The history of popular journalism in U.K. from the abolition of the stamp duty in 1855 to the First World War offers an illustration of a truism, popular among newspapermen, that war is a very good thing for newspapers. The Crimean War famously made the reputation of William Howard Russell in The Times, and subsequent wars, from the American Civil War to the Boer War, served to increase the circulations of existing papers and to create the conditions for new papers to come into being. One of the most significant newspapermen to exploit and benefit from this phenomenon was the founder of the Daily Mail and – by the time of the First World War – proprietor of The Times, Lord Northcliffe. When asked the question ‘What sells a newspaper?’, one of his editors is reputed to have replied:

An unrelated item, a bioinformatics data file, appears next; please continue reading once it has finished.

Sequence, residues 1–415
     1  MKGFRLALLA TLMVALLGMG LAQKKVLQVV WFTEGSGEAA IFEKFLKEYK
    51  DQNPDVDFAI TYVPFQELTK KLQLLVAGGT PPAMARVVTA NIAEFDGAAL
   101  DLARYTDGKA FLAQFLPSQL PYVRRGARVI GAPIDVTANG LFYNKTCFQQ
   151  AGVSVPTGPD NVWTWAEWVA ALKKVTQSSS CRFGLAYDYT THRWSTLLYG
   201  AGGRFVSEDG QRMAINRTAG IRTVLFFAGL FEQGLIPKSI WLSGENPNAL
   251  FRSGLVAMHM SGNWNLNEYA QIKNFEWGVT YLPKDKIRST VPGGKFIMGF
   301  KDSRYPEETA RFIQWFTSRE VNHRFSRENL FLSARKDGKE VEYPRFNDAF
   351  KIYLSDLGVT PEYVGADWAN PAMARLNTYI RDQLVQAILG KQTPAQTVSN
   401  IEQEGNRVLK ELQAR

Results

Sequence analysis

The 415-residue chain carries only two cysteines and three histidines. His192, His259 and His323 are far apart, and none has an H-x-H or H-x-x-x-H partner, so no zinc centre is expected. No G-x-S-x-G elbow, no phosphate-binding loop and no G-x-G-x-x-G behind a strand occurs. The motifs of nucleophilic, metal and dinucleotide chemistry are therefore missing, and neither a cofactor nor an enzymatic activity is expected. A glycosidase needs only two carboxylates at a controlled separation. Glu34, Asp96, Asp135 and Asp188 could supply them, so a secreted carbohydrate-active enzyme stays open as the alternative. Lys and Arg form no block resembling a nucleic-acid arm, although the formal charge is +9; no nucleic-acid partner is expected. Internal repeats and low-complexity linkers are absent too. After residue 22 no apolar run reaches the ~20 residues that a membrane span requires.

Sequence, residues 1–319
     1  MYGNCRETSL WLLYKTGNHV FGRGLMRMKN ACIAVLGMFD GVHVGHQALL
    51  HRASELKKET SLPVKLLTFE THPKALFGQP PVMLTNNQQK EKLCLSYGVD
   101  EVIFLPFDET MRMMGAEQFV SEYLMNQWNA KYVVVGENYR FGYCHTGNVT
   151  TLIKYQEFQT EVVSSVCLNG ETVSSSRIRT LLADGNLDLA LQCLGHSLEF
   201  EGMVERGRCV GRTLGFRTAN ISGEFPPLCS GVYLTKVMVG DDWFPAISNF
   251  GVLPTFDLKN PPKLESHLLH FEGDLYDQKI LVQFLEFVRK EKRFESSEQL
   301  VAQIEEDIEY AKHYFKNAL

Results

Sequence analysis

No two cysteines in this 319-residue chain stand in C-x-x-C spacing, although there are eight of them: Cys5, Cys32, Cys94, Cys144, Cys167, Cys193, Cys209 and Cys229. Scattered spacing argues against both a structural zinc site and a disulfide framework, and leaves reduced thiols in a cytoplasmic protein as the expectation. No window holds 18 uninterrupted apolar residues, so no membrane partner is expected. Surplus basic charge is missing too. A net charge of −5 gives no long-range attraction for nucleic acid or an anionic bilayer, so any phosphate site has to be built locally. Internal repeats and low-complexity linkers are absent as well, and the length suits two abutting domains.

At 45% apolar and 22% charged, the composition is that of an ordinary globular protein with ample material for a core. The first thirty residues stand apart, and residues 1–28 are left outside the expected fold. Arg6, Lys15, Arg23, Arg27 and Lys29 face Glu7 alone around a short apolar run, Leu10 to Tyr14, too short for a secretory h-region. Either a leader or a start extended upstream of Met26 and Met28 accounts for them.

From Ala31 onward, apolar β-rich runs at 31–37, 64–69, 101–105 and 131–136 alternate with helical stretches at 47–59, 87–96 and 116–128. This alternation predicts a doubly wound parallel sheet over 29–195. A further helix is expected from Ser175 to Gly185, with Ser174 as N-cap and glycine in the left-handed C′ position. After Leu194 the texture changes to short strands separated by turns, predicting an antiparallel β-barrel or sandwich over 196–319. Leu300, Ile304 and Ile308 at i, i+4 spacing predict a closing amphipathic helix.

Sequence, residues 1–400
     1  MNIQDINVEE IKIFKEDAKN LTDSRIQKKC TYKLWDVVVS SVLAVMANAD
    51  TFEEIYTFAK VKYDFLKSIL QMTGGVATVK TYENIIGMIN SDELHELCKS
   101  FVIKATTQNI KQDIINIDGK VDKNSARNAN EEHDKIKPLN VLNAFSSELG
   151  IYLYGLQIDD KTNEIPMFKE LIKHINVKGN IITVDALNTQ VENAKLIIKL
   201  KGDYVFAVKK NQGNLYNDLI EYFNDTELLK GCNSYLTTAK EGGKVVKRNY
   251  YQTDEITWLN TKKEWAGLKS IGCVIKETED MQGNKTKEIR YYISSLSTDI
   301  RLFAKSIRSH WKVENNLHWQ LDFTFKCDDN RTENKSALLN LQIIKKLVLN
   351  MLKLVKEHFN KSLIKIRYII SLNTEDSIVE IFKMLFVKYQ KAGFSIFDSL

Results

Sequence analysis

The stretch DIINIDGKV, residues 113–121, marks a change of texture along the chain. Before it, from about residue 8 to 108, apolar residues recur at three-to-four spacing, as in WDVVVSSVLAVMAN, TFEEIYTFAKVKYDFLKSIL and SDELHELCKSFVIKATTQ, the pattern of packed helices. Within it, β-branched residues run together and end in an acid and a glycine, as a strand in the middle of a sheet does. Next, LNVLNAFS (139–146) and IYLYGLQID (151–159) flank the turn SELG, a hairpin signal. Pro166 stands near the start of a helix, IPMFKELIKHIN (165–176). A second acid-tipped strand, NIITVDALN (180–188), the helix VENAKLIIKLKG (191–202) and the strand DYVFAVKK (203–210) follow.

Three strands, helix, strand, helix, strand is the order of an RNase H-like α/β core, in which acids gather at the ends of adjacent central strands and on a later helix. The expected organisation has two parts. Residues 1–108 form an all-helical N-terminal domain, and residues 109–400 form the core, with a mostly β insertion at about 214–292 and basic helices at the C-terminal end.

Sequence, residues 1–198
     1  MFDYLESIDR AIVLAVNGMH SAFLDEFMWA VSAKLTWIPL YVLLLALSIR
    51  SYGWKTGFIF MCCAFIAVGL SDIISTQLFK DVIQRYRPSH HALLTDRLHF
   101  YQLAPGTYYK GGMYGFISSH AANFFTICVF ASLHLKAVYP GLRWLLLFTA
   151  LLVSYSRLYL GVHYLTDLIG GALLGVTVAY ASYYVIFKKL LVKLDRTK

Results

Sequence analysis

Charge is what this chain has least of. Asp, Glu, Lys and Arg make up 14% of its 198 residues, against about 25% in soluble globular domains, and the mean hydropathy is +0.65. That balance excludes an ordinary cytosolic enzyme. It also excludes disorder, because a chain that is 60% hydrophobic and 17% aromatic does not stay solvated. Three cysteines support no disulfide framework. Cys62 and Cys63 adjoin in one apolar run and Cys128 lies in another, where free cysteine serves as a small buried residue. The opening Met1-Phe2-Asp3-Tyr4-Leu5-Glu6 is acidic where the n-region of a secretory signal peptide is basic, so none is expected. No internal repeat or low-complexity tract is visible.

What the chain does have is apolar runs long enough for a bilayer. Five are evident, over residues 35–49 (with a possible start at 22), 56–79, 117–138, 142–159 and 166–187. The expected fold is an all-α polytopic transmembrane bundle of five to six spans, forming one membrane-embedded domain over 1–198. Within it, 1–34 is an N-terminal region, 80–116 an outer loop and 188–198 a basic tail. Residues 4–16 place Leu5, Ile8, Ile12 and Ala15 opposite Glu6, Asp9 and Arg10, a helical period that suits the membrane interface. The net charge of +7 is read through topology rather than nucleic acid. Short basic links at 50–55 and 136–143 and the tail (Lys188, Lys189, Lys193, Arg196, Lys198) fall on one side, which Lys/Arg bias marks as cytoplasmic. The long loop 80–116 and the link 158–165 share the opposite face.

the first answer is ‘war’. War not only creates a supply of news but a demand for it. So deep-rooted is the fascination in a war and all things appertaining to it that . . . a paper has only to be able to put up on its placard "A Great Battle" for its sales to go up.
That this was not merely a newspaperman’s hunch, but an established fact has been shown by John M. McEwen, who plotted a direct correlation between newspaper circulation figures and the major engagements of the First World War, with, for example, events such as the German naval raid on the British East Coast in 1916 doubling the circulations of the Star and Evening Standard.
|Title of host publication||World War 1|
|Subtitle of host publication||Media, Entertainments & Popular Culture|
|Place of Publication||London|
|Number of pages||28|
|Publication status||Published - 14 Oct 2018|
- print media
- First World War